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January 20, 2004

Stumbling to Conclusions


Yes, I believe that I could sum up my reaction to The Yellow Wallpaper in just that one word.

Having begun to read the story in class and finishing it later that evening, I grew eager to learn the outcome of what had appeared to be a tale of ill-perceived illness and perhaps a bit of scandal. I was not disappointed in the ending, but in order to believe what I read, I read it over. And over. And then one more time just to make sure I hadn't missed anything.

Like always, I take notes when I read for a class; however with short stories I have come to the habit of creating a character list (which is beneficial especially if there are numerous characters in the story), and writing down, or circling, highlighting, and underlining things that I feel may be of importance to character development, plot, theme, or (my favorite) time period, but only if it's my own text : )

I had about three pages of notes after reading The Yellow Wallpaper a grand total of seven times. I feared that I had missed something, that I was interpreting things wrongly, that perhaps I was analyzing a bit too much (which I have a tendency to do...).

What bothered me the most? The fact that I was still getting the same strong feelings from the text after having read it as many times as I did startled me. I saw a sense of a deeper, more important problem in the narrator's life--one that was too touchy to elaborate upon blatently. Instead, the author decided to use various literary devices such as personification of the wallpaper and allusion to point towards, what appeared to be to me, an imminent suicide.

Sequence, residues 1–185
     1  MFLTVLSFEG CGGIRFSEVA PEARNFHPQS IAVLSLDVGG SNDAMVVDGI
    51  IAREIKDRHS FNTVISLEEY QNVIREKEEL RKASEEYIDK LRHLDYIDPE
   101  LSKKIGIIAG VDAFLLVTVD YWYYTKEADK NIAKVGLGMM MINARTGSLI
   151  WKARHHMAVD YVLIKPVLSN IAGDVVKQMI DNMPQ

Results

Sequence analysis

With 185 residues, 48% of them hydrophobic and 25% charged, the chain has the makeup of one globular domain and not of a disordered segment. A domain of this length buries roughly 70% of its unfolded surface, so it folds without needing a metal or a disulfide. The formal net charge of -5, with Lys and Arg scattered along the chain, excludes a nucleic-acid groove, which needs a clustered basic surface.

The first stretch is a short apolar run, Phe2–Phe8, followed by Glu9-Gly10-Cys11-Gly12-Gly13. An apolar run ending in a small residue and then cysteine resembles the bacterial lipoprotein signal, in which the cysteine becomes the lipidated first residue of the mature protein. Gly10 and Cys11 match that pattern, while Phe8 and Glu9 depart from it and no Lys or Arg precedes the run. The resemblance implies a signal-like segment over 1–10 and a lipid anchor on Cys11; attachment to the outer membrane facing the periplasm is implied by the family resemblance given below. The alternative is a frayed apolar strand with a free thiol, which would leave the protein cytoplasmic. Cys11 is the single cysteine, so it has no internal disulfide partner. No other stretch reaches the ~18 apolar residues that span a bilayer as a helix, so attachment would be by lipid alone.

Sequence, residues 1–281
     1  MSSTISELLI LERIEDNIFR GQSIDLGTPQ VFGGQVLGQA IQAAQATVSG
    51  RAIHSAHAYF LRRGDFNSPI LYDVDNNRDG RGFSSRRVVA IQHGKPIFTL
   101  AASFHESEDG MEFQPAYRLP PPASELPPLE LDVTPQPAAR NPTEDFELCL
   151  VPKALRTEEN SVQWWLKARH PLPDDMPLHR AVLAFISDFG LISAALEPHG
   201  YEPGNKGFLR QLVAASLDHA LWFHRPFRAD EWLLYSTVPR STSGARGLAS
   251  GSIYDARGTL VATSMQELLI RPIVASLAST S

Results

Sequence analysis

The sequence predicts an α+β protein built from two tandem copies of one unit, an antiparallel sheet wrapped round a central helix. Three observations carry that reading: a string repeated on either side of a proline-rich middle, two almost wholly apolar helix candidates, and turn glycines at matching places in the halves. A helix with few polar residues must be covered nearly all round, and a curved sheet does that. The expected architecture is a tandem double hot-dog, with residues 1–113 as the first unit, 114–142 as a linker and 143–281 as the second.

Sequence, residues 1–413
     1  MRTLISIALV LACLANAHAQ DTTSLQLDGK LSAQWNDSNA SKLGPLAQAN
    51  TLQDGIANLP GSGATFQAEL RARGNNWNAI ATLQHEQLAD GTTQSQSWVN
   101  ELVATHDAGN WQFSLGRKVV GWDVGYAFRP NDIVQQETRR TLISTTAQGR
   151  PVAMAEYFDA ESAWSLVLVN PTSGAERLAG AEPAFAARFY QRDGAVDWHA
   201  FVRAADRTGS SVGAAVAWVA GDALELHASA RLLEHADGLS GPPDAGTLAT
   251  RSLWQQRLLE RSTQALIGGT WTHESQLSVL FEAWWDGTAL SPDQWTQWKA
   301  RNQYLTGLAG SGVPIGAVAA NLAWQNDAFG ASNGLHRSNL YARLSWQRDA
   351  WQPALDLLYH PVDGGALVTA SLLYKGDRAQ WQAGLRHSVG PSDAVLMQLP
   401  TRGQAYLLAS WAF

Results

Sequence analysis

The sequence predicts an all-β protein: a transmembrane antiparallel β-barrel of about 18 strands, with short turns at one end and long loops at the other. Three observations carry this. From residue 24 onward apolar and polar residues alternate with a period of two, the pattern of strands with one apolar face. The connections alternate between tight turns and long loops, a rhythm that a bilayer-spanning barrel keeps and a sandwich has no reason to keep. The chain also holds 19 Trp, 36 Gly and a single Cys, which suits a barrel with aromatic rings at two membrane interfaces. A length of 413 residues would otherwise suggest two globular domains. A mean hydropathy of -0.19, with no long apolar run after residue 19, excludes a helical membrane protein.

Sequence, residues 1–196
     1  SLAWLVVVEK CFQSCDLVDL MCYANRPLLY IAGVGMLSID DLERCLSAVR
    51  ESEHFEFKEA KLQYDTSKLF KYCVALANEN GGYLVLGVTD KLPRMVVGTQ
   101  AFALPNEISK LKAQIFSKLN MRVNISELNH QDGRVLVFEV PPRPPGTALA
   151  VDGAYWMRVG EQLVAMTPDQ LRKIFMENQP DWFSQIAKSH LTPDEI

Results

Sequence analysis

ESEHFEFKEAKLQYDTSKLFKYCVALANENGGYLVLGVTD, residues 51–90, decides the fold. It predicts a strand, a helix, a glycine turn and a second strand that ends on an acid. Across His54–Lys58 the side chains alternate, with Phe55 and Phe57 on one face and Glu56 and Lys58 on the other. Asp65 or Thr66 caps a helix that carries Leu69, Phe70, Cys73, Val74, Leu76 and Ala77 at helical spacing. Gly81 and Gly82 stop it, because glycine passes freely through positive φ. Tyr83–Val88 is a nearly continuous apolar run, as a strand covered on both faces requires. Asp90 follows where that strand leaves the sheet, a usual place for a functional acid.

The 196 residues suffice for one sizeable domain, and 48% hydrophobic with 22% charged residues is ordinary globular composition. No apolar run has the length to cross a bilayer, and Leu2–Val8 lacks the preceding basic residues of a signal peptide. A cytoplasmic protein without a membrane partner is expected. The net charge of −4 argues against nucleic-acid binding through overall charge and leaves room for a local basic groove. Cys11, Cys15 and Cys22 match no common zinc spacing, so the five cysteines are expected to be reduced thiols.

How perplexing! That's such a delicate topic for an author to address. In my opinion, it was well hidden. It was only softly nudged into the perspective of the reader. So softly, that had not I visualized the story while reading it, I may not have stumbled to that conclusion. And thus I rest disturbed.

Posted by KarissaKilgore at January 20, 2004 1:42 PM


I reread the parts that linked her death to a hanging, and though I am hesitant, I must say that it does seem like a way to end it. And as you said--the minor characters' lives will go on without her.

Posted by: Amanda at January 20, 2004 8:06 PM

No matter what happens in a short story, the thing that makes it a short story is the fact that it is only a fragment of the characters' lives--things happened before we are introduced to their lives, and certainly the most important part is that we are convinced that life goes on after the last sentence. It's like peeking in someone's window--you walk away and know that those people are still there.

Posted by: Karissa at January 20, 2004 8:51 PM

Does that mean the minor characters or major? Or doesn't it matter, as long as life, or someone goes on?

Posted by: Amanda at January 21, 2004 10:47 AM

Hey, what is going on with you and those time periods? It baffles me how the time period can relate to any story that has ever been read. Hey, did you read my short story? If you did, find how the time period fits into that one!:')

Posted by: Jay Pugh at January 21, 2004 12:48 PM

Amanda, it's just so long as we, the readers, know that life continues after having read the story.

Jay, I don't think I got to reading yours, if you mean the one from CWW last semester. The thing is, the author has to want a time period to prevail in a story for it to be evident. The time in the stories we've read in Lit. so far are noticeable because that's important to the plot and theme.

Posted by: Karissa at January 21, 2004 1:04 PM

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